“Let’s get this over with,” Gareth Mallory said to his driver, resigning himself to yet another meeting at Whitehall.
The door opened and Q got in.
Mallory stared at him. The driver stared at Q in the rearview mirror. The boffin primly clicked the seatbelt into place and put his messenger bag on the floorboard by his feet.
“That door was locked,” the driver said.
“Was it?” asked Q, vaguely. “Morning. I hope you don’t mind that I’m coming with you today.”
“Are you invited?” asked Mallory. It was hard enough to get the boffin to attend department head meetings, after all. He didn’t just go about volunteering to spend hours in the presence of politicians with skewed ideas about the way the intelligence service works.
“I am not invited. I am gatecrashing.” His smile was hard and grim.
Mallory knew enough to not ask questions. He’d seen that look before, and it usually meant trouble was on the way and Q was preparing to handle it with a scorched earth strategy.
“Let’s go, or we’ll be late,” Mallory said to the driver.
Once they were moving, Q was quiet. For Mallory, the meeting was an annoyance, but Q seemed to be preparing to beard a lion in his den.
There was something fundamentally unsettling about Q. It wasn’t anything one could put a finger on, exactly. The Quartermaster was was perfectly polite and generally quite amiable. He had a waiflike appearance that made the secretarial pool gooey-eyed, his minions revered him with a mix of fear and awe, and the Double-Ohs adored the ground he walked on because he always brought them home, alive or dead. Mallory knew he had cats and a mortgage and laughed awkwardly at his own jokes. Aside from workaholic tendencies, he seemed enviably well-adjusted.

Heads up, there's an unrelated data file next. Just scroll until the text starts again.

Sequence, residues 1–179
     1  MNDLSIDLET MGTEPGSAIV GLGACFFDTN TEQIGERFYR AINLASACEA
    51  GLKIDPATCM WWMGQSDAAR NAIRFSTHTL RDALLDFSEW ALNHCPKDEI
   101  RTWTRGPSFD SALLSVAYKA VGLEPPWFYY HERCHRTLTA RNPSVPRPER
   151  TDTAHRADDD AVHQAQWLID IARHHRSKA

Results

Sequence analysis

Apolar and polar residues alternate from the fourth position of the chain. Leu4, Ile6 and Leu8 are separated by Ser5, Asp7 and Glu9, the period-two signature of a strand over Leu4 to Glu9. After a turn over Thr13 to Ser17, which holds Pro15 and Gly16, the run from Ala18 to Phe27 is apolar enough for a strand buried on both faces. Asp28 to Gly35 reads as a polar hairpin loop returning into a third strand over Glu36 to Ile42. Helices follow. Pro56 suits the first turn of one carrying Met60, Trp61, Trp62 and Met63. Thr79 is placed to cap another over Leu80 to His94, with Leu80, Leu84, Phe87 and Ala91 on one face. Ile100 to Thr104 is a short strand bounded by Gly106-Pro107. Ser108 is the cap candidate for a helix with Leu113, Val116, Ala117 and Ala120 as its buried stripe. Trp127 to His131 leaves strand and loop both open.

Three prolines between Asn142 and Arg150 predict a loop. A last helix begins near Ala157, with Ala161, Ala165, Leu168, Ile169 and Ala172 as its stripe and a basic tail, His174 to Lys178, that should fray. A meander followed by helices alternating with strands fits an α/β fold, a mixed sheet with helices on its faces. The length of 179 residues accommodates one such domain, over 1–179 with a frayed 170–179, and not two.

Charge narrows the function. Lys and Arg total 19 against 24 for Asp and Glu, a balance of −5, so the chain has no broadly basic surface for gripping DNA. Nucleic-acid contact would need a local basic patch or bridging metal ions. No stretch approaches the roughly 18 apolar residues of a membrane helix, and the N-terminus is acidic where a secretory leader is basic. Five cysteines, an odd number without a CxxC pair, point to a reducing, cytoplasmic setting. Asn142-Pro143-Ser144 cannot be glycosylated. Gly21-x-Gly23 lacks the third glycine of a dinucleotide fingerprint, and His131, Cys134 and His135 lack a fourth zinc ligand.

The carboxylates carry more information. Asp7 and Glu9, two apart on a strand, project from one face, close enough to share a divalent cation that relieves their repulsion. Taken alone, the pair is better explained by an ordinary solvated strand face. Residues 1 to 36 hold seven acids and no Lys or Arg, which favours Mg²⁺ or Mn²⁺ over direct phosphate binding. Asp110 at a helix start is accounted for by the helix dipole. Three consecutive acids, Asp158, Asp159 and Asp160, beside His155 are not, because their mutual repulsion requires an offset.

Nevertheless, there was something in those sharp green eyes that seemed to cut directly to the soul, past all the bullshit and self-delusions and lies people tell. He had a gift for stillness that spoke to the hindbrain, even as he smiled at you and commented off-handedly that a storm was coming. He was always right.
Mallory never really got the phrase “wolf in sheep’s clothing” until he started watching and getting to know the Quartermaster. Q deliberately made himself innocuous, but there was still something about him that made Mallory think of something large and scary, with fangs and claws that could rip a soul to pieces if it felt so inclined. He was a good match for James Bond, who was the opposite. Bond wore his deadliness like a suit of armor. The knight and the dragon.
God help them if Q ever went wrong, Mallory thought, followed by: God would probably walk away and leave them all to their fates should Q and Bond decide to go rogue together.
Q was, in a word, terrifying. And Mallory did love inflicting him on politicians.
With Q’s help, M—the ghost of the previous M—had warned him about merging MI5 and MI6. Back then, the merger was little more than a rumor, but now the rumors had solidified to an actual plan. They wanted to get rid of the Double-Oh division, reorganize Q-Branch, and had ideas about surveillance that seemed to be drawn directly from an even more nightmarish version of 1984.
Mallory threw every advantage, political strategy, and argument he had to keep the agencies separate and to keep the Double-Ohs, but it was a game he was slowly lowing. At every turn, he seemed to be countered by Max Denbigh, who inexplicably always seemed to have friends in higher places and with deeper pockets.
“Mallory,” said the man in question, as soon as they were in the boardroom. “Always good to see you.”
Mallory shook hands and resisted the impulse to wipe his hand on his trousers afterward.
“And you brought your Quartermaster, too.” Denbigh’s face arranged itself into an expression of delight that didn’t fit quite right. “I’ve heard such magical things about you,” he said.
“Enchanted,” Q said in soft tones that were decidedly not enchanted. It was the politest snub Q had in his arsenal.